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Compound2632

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Compound2632 last won the day on March 9

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  1. That's because you're careful not to post photos of it!
  2. Surely the driving wheel diameter was the principal difference, at least between superheated Midland Compounds in 1923 and LMS Standard Compounds. Same boiler, same cylinders, same motion. The differences between the original Smith-Johnson Compounds (see avatar) and the Deeley Compounds were much more fundamental, as Deeley was keen to stress. He was out to avoid paying patent royalties to Smith's executors, whereas Johnson and Smith had been close friends for nearly forty years.
  3. The claim was very specifically directed towards LNWR 4-6-0s that were being built at Crewe at considerably less expense than Churchward's 4-6-0s at Swindon. I think the comparison was Saint v. Experiment, rather than Star v. Prince of Wales but regrettably it was never put to the test. I have no doubt that Churchward's engine would be the one going backwards in either such unequal competition. A couple of Midland Compounds would have walked away with a Saint. I'd put my money on a pair of Dunalastair IVs too.
  4. Once you've worked out which bell is which, you'll have to record the information on a grid for future reference. That's tintinnabulation.
  5. The Cadbury steel hopper wagon is quite entertaining - especially described as a 24 ton ore hopper (cocoa ore direct from the Lincolnshire chocolate mines?) - but labelled 12 tons per the reference photo! The Chas Roberts builder's plate is nicely printed, though. Is the top half the old Mainline moulding? If so, hasn't it already done the rounds in Cadbury liveries, both yellow lettering on blue and blue lettering on yellow, the latter possibly via Dapol? A quick google only turns up prototype photos with (supposedly) yellow lettering on blue...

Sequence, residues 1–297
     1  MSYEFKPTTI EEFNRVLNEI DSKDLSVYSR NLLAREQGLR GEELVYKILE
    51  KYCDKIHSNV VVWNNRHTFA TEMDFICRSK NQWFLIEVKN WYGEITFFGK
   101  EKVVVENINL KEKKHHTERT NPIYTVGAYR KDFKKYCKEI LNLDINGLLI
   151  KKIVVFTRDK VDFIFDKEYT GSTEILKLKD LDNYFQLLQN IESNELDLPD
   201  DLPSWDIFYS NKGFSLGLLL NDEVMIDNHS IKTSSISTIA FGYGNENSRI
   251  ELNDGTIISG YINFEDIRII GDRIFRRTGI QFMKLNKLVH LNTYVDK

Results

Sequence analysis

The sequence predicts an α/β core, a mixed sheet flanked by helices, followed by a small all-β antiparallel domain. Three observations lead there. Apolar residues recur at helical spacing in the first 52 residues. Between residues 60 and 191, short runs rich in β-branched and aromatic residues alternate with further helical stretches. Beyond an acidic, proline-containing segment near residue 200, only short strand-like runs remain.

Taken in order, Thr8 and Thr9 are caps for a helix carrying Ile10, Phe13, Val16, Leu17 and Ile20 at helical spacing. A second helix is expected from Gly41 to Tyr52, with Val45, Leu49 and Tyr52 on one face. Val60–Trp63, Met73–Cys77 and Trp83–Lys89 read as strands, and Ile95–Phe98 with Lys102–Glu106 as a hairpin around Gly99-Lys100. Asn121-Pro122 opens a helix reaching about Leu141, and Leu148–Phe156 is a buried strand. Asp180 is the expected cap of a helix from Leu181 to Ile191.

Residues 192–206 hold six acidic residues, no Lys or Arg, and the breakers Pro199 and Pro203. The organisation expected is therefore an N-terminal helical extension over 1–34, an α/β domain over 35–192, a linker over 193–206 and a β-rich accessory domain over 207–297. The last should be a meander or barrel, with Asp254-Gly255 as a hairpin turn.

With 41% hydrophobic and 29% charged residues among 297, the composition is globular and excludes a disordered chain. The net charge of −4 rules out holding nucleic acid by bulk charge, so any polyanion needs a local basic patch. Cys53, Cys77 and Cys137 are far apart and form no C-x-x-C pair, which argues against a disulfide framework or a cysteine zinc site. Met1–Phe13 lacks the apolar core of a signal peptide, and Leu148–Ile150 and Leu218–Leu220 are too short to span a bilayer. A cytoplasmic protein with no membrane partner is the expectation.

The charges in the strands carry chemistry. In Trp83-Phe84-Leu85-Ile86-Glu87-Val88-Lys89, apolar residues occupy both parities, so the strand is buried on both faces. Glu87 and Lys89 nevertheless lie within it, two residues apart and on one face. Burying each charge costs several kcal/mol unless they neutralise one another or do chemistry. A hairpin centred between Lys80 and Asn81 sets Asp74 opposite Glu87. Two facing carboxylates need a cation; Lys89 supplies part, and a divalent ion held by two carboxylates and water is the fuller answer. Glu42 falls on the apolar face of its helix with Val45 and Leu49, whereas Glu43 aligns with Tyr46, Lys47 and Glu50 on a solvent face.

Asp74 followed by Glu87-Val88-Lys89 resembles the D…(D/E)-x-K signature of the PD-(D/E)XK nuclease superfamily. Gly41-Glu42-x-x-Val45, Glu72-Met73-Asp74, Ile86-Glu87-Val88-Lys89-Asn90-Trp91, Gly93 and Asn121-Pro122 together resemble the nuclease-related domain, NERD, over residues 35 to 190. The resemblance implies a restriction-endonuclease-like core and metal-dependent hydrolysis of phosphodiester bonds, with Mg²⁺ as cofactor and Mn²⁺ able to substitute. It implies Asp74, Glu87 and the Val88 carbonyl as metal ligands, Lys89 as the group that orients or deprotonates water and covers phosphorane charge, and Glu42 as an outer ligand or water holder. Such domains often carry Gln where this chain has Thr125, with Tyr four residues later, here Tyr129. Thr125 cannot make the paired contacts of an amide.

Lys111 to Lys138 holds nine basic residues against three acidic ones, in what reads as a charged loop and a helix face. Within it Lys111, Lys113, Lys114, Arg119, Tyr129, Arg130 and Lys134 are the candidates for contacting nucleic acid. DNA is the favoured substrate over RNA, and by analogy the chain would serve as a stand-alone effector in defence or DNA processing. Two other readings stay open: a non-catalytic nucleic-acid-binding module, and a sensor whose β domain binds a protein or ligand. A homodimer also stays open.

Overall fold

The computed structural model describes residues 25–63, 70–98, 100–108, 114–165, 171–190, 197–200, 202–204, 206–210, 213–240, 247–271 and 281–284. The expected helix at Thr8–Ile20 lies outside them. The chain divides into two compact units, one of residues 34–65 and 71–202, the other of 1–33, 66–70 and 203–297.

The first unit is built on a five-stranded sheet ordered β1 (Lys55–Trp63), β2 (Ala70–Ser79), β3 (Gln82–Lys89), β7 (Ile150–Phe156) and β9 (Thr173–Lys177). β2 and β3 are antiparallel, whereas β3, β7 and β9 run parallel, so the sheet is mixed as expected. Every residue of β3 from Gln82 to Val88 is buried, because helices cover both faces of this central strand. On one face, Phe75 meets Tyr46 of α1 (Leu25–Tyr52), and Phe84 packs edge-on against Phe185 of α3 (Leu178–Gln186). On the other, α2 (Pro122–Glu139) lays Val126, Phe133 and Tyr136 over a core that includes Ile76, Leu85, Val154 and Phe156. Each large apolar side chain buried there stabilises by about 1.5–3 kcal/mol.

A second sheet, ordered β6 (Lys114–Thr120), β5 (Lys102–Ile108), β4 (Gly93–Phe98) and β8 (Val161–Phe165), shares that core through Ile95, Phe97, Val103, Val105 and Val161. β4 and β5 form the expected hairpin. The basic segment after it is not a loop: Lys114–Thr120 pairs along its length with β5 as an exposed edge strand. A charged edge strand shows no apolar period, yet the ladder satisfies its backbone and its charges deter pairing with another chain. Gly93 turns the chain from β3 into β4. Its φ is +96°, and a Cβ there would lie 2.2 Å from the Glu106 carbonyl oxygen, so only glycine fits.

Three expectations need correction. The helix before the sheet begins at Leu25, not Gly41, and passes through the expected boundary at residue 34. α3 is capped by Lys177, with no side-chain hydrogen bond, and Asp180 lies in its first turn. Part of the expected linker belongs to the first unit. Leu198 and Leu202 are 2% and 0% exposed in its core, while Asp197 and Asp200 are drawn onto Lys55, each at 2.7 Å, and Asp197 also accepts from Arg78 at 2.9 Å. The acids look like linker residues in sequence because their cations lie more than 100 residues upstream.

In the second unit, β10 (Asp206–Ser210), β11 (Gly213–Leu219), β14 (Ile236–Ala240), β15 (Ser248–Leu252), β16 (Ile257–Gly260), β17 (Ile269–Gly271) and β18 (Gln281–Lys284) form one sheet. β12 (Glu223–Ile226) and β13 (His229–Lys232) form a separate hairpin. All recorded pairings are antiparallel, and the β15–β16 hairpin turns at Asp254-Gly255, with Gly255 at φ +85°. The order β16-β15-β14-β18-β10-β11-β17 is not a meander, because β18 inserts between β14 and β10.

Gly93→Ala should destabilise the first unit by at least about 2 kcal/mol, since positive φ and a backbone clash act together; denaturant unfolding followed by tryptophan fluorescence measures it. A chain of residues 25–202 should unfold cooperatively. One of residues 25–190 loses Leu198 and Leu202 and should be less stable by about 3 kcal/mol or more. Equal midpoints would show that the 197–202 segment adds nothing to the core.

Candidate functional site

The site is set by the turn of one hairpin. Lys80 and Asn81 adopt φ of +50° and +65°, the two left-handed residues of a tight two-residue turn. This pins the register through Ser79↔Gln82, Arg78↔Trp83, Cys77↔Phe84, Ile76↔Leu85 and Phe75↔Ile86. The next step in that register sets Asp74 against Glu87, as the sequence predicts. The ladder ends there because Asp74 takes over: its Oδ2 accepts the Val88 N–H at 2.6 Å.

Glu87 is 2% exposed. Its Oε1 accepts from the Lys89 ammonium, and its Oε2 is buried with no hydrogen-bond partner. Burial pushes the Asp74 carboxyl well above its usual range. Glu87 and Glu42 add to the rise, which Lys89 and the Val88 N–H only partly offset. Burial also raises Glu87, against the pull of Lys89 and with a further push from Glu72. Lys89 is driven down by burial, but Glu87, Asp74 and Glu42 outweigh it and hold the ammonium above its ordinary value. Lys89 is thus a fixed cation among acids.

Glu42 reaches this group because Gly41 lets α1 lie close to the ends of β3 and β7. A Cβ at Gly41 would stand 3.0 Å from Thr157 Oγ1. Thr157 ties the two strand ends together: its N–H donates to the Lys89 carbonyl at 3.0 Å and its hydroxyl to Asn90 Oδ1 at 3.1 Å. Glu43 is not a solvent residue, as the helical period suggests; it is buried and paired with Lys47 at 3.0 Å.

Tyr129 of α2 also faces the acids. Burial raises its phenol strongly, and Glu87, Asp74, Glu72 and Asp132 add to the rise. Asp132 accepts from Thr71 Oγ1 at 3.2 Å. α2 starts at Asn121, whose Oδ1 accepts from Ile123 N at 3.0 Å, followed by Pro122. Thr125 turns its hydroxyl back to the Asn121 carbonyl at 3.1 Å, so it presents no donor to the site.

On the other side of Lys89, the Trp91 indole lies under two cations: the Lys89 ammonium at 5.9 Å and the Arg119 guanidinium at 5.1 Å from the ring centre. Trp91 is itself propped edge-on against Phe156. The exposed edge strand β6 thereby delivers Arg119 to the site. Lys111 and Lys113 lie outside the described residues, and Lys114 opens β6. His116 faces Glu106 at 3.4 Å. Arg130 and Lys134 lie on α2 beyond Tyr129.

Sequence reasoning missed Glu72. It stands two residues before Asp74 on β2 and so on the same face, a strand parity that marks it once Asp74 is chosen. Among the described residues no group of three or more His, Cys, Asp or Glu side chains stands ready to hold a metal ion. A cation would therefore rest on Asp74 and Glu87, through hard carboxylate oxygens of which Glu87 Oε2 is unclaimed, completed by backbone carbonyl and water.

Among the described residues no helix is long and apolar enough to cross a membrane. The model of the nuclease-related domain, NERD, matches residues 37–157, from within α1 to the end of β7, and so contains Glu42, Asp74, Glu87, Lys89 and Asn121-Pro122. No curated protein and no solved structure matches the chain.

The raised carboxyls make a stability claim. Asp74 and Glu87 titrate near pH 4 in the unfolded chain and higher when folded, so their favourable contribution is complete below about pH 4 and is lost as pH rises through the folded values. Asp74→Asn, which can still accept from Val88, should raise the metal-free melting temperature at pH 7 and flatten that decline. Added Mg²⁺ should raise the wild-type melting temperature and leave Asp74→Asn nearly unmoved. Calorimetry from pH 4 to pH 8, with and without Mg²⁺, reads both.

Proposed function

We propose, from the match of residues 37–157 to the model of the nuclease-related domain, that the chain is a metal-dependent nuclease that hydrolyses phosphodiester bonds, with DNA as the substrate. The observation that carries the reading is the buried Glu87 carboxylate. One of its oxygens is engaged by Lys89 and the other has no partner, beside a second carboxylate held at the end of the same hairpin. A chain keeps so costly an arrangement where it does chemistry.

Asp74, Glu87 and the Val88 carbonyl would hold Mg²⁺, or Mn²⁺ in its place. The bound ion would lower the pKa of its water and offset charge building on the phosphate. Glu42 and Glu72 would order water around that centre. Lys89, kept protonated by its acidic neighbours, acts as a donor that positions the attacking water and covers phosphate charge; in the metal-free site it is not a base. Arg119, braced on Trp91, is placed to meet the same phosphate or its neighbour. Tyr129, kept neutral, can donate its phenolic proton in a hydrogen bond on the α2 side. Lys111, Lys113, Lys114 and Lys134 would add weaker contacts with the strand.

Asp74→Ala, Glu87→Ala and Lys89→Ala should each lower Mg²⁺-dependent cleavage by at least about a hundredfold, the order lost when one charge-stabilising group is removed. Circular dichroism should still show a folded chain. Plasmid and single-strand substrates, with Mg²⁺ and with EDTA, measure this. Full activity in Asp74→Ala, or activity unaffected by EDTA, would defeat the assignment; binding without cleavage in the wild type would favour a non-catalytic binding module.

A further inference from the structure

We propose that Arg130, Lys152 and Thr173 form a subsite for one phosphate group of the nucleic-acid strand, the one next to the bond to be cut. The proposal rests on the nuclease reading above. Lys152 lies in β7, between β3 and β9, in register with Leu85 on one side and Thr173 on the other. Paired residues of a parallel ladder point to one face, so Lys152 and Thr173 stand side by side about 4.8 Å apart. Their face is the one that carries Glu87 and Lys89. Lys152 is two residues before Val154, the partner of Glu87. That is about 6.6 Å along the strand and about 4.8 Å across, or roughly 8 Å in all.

6. No. 1 Son has just submitted his undergraduate dissertation which has some great long technical title but is basically about some details of glaciation in the Lake District. I mention this here because he was explaining to me how sediments can be dated to particular interglacials by their biological component - particularly the type, size, and quantity of hippo remains. Hippos were particularly plentiful in certain interglacials - great herds of them throughout what is now the Severn basin. I though that might be of interest to some.
  7. Ah but weren't the Scots in Ireland at the time of the Roman occupation*? Or was it the Irish in Scotland? Either way, it was Picts who were on the wrong/right (delete to taste) side of the Wall. Then, or a little later, Strathclyde was Welsh. *Busy people, the Romans. Always needing to do something to keep themselves (and, especially, other people) occupied. NB It was climate change and pandemic disease that did for the Roman Empire.
  8. In the summer 1903 timetable, the only Midland through carriages were between Birmingham and Swansea, two daily each way, via Brecon, Hereford, and Worcester. Cardiff was one of the very few major places the Midland octopus did not have a tentacle.
  9. Can you unpick that statement for me? These models are "generic" in the sense that they are not models of specific prototypes but incorporate typical features. A prototype carriage must of necessity be specific, not generic.
  10. I'm regretting googling that, for any number of reasons, not least that there's two of the bu99ers.
  11. I'm quite taken by the idea of wargaming pigs. The sitting cow really looks to me as if she's in the act of getting up, which is a breach of Rice's first law. They do look interesting...
  12. If such iconoclasm makes one wince one could attack one of the simpler-liveried versions such as the LNER brown or remove from circulation some of the ones where the livery is less appropriate for the panelling style such as the GNR or LNWR vesions!
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